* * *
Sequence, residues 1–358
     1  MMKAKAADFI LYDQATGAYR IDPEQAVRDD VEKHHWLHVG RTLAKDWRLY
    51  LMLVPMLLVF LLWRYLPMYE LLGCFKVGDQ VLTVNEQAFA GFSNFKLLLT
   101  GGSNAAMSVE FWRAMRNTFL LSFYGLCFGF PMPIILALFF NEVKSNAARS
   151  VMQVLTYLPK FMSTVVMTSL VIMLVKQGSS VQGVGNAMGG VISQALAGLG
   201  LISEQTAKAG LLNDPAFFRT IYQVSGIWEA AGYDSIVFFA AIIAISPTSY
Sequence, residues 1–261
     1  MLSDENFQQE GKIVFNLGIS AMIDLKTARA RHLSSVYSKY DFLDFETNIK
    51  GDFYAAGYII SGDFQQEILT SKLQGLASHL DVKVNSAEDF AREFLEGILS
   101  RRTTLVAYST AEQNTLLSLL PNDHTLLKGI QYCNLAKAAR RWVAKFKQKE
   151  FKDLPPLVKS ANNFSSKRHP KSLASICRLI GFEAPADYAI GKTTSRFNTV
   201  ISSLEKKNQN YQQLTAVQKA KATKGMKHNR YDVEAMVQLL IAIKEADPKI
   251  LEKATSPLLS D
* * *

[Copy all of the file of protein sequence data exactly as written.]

Sequence, residues 1–358
     1  MMKAKAADFI LYDQATGAYR IDPEQAVRDD VEKHHWLHVG RTLAKDWRLY
    51  LMLVPMLLVF LLWRYLPMYE LLGCFKVGDQ VLTVNEQAFA GFSNFKLLLT
   101  GGSNAAMSVE FWRAMRNTFL LSFYGLCFGF PMPIILALFF NEVKSNAARS
   151  VMQVLTYLPK FMSTVVMTSL VIMLVKQGSS VQGVGNAMGG VISQALAGLG
   201  LISEQTAKAG LLNDPAFFRT IYQVSGIWEA AGYDSIVFFA AIIAISPTSY
Sequence, residues 1–261
     1  MLSDENFQQE GKIVFNLGIS AMIDLKTARA RHLSSVYSKY DFLDFETNIK
    51  GDFYAAGYII SGDFQQEILT SKLQGLASHL DVKVNSAEDF AREFLEGILS
   101  RRTTLVAYST AEQNTLLSLL PNDHTLLKGI QYCNLAKAAR RWVAKFKQKE
   151  FKDLPPLVKS ANNFSSKRHP KSLASICRLI GFEAPADYAI GKTTSRFNTV
   201  ISSLEKKNQN YQQLTAVQKA KATKGMKHNR YDVEAMVQLL IAIKEADPKI
   251  LEKATSPLLS D